aspiration (as?pi-ra'shon) [ aspirate]
1. Drawing in or out by suction. Foreign bodies may be aspirated into the nose, throat, or lungs on inspiration.
Withdrawal of fluid from a cavity by suctioning with an aspirator. The purpose of aspiration is to remove fluid or air from an affected area (as in pleural effusion, pneumothorax, ascites, or an abscess) or to obtain specimens (such as blood from a vein or serum from the spinal canal).
Aspiration equipment includes disinfecting solution for the skin; local anesthetic; two aspirating needles; a vacuum bottle or other closed system for receiving the fluid; a sterile receptacle for the specimen; sterile sponges, towels, and basins; sterile gloves, face masks, and gowns; and surgical dressings as the case may require.
The nurse assists with the aspiration procedures by assembling necessary equipment, by explaining the procedure and expected sensations to the patient, and by ascertaining that a consent form has been signed. The patient is draped to ensure privacy and warmth as well as emotional comfort. Emotional support is provided throughout the procedure. The operator is assisted in obtaining and processing specimens. The type and amount of any drainage or aspirated material is observed and documented. The operative site is dressed, and patient outcomes and any complications are monitored.
The respiratory therapist is primarily responsible for aspirating excessive airway secretions. This procedure may be done as a therapeutic maneuver to ease breathing or as a diagnostic procedure to collect a sputum sample for analysis of the microbes associated with the infection.
fetal meconium aspirationMeconium aspiration syndrome.
microsurgical epididymal sperm aspiration, micro-epididymal sperm aspiration Abbreviation: MESA
See: testicular sperm aspiration
percutaneous epididymal sperm aspiration Abbreviation: PESA
See: testicular sperm aspiration
suction aspirationVacuum aspiration.
suprapubic aspiration of urine
A procedure for draining the bladder when it is not possible to use a urethral catheter. The skin over the lower abdominal area is cleansed. An incision in the abdominal wall is made with a needle or trocar to gain access to the bladder. To prevent complications during the procedure, it is important to observe the following guidelines: The patient should be positioned in the marked Trendelenburg position. The bladder should be distended with 400 ml of fluid. Any previous abdominal wall incisions that may have left the bladder or bowel adherent to the scar tissue should be noted. The incision should be no more than 3 cm above the pubic symphysis. The trocar should be inserted 30° toward the bladder, i.e., away from the pubic symphysis (if in doubt, a small-gauge needle should be inserted for orientation); the trocar should not be placed in a vertical direction. The depth of trocar insertion should be monitored, using gentle pressure on the trocar to prevent damage to the bladder base.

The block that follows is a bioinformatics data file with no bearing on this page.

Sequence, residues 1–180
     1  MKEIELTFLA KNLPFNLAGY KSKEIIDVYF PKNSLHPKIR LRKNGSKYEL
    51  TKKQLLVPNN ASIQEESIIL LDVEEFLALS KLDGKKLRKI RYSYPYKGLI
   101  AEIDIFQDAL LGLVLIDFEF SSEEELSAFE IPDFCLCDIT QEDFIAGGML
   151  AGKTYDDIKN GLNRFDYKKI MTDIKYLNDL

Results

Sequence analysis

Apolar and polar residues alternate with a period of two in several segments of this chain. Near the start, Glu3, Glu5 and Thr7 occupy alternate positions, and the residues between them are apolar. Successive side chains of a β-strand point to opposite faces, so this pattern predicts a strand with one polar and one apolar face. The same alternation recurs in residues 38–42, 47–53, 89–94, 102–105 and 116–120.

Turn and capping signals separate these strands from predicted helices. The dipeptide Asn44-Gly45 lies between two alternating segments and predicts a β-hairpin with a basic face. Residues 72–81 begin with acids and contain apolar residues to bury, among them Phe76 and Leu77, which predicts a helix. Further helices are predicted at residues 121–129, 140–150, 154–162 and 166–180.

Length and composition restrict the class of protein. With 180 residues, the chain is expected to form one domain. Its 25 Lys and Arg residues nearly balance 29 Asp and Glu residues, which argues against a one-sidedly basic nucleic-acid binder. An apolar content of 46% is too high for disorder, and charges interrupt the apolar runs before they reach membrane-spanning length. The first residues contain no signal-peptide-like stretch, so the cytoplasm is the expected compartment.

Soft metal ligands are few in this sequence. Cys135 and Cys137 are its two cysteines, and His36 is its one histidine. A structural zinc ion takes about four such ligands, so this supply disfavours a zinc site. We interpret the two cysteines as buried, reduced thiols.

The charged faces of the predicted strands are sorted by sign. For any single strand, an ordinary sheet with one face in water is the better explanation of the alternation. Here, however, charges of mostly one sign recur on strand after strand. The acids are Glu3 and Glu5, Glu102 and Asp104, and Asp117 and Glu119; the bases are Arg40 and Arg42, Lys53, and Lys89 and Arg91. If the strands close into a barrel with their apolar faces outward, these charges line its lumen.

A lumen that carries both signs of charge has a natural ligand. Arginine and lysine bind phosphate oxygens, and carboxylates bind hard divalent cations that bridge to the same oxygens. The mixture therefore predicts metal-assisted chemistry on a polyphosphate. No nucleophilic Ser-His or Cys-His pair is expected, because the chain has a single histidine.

CAUTION!The needle may pierce a loop of bowel that is lying over the anterior surface of the bladder.
testicular sperm aspiration Abbreviation: TESA
The procurement of sperm directly from the testes, e.g., by surgery or needle aspiration. Similar techniques include microsurgical aspiration of sperm by micro-epididymal sperm aspiration (MESA) or percutaneous epididymal sperm aspiration (PESA).
transbronchial needle aspiration Abbreviation: TBNA
A method of sampling abnormal tissue masses found in the mediastinum. A needle is guided into the mass during bronchoscopy, and cells are dislodged with a sawing motion. Suction is applied to gather specimens. TBNA is typically used to determine whether the mass represents a malignancy, such as a bronchogenic carcinoma or lymphoma.
Evacuation of the contents of the uterus by a curet or catheter attached to a suction apparatus. The procedure is performed before the 12th week of gestation. It is the most common form of surgical abortion. Synonym: suction aspiration
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